This is an exciting time. We are seeing the beginning of a new world. Now the hard work is before us and to effect the changes we all know we need we must search out the leaders who are able to forge a new age. They very well may not be the leaders of today. We must choose wisely in this upcoming election. The July 14 primary is an opportunity for people to vote for their choice of candidates for the national election. People can request an absentee ballot from your town clerk or the Secretary of State’s website. On election day, polls will be open if that is your preference.

Susan Harvey


Changing the paradigm

By all accounts, Maine’s path to economic recovery from the COVID-19 pandemic could be long and arduous. Hospitality, tourism, and small business — three drivers of jobs and revenue — have been hit hard.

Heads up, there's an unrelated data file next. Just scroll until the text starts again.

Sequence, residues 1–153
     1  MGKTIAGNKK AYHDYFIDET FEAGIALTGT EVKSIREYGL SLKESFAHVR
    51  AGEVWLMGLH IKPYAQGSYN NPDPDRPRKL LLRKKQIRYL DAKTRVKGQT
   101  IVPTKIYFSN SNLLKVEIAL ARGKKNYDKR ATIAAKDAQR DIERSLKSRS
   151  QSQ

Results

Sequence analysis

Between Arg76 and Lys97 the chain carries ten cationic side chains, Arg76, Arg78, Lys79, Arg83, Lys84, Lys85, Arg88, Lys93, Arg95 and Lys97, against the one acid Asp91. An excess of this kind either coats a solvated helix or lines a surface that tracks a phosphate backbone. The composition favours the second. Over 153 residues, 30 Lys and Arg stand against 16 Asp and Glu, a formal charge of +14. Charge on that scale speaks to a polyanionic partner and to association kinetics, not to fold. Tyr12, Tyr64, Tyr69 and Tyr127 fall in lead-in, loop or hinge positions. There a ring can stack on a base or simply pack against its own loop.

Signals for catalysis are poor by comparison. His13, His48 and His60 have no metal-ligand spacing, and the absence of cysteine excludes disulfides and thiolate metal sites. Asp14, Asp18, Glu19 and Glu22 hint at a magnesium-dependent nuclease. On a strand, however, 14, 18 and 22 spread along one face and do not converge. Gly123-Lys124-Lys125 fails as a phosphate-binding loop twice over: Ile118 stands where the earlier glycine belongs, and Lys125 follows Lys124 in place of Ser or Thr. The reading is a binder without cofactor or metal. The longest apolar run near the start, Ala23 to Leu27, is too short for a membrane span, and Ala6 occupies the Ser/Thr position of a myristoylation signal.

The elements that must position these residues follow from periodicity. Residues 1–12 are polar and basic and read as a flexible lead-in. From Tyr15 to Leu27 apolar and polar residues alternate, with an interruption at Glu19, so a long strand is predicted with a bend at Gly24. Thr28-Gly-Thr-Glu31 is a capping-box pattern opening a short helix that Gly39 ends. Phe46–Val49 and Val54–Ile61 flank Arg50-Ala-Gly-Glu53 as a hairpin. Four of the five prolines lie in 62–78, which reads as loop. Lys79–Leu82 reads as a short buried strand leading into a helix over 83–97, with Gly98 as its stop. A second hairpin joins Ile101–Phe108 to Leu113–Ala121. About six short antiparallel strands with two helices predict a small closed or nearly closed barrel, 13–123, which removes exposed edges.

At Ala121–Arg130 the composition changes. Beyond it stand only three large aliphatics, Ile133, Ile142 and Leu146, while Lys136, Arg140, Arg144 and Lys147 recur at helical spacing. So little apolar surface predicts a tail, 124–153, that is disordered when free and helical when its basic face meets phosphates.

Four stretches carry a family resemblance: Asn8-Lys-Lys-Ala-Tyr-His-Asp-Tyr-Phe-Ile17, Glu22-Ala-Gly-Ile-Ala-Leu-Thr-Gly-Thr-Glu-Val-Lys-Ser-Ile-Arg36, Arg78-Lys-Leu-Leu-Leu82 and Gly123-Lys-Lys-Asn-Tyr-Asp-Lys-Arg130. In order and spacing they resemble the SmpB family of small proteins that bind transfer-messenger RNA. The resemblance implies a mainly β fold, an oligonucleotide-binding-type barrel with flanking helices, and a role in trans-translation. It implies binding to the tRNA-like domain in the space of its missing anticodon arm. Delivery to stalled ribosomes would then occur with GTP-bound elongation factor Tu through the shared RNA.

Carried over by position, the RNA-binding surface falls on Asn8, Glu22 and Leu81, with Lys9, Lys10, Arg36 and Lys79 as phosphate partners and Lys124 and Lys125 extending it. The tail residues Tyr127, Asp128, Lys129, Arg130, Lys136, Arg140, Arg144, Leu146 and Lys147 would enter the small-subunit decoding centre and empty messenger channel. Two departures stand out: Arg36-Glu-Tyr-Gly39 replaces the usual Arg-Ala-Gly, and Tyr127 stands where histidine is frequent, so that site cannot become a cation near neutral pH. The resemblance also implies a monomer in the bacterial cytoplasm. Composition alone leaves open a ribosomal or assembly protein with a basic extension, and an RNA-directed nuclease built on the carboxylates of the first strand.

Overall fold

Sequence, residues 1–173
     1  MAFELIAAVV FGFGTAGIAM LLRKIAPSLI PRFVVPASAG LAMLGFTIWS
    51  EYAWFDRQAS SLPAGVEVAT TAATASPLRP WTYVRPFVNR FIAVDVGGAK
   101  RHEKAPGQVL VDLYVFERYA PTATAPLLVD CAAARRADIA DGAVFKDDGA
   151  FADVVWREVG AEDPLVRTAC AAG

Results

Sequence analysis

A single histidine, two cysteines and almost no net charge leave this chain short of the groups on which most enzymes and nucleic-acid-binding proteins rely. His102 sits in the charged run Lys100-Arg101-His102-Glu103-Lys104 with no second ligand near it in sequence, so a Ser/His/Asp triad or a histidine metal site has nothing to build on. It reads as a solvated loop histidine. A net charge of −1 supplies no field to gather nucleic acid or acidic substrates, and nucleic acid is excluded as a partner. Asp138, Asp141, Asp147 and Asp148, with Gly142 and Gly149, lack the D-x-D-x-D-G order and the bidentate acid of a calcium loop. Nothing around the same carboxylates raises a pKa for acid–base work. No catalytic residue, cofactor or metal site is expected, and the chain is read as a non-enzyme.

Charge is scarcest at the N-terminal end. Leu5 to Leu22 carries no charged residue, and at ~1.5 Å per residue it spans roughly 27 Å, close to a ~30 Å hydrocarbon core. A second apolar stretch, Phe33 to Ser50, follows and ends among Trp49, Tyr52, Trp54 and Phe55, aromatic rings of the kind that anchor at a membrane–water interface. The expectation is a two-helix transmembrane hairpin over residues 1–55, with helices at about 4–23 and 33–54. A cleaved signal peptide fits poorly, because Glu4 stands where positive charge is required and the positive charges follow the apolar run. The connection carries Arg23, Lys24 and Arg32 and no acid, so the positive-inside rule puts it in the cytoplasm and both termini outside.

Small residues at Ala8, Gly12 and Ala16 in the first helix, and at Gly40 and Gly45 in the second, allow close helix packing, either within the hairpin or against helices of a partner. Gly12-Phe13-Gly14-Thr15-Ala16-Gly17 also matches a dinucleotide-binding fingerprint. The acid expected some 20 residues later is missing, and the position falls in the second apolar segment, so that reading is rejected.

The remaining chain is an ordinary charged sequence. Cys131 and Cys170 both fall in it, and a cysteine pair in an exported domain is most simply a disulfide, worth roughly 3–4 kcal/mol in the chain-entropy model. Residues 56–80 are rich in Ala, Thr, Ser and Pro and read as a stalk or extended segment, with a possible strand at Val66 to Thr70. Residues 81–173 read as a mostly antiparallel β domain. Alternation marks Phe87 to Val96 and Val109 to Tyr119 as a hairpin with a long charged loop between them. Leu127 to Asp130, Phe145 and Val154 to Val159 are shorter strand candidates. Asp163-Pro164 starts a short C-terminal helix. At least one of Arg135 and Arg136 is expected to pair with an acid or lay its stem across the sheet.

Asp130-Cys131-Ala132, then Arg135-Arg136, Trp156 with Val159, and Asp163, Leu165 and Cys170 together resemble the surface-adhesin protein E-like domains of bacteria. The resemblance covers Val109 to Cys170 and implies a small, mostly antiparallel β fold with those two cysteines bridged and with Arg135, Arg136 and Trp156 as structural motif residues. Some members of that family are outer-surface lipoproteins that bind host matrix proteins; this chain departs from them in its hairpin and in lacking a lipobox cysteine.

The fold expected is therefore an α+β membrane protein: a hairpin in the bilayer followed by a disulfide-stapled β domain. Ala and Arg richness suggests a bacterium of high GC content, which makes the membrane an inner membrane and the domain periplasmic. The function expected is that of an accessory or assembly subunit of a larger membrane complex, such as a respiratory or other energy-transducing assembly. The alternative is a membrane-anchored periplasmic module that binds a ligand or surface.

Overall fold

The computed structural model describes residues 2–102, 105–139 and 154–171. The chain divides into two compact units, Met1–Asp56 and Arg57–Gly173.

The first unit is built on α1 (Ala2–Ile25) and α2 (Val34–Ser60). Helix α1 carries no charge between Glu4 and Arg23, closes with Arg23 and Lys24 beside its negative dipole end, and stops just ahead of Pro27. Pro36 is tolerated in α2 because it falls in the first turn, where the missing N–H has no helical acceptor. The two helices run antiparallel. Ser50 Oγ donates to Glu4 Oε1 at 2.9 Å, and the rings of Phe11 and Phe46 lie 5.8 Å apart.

But it doesn’t have to be a “three strikes” scenario. This crisis is also an opportunity to reposition Maine as a hub for remote employees eager for a better way of life.

Already, scores of younger workers have returned to Maine to weather the storm. Some are working remotely. Others are just beginning their job search. Many are concerned about returning to densely populated and expensive cities.

Facebook’s announcement that as many as half its workforce will be remote by 2030 is just the beginning of a workplace revolution. If Maine attracts just 1 percent of that workforce, 200-plus Facebook employees would call this state home.

With them come tax revenue, young families, high-tech skills, and high-wage jobs. Just imagine what would happen when this movement extends beyond 200 Facebook employees.

Already, cities like Biddeford, Lewiston and Waterville are emerging as centers of innovation, creativity, and energy in a wide variety of sectors. Building on these gains by launching a concerted effort to recruit remote workers could make a difference. To attract them, we need more co-working spaces, reliable broadband, and market rate housing options.

Changing the paradigm of “long and arduous recovery” won’t be easy. But, with a targeted, forward-thinking approach and quick action, maybe it is possible.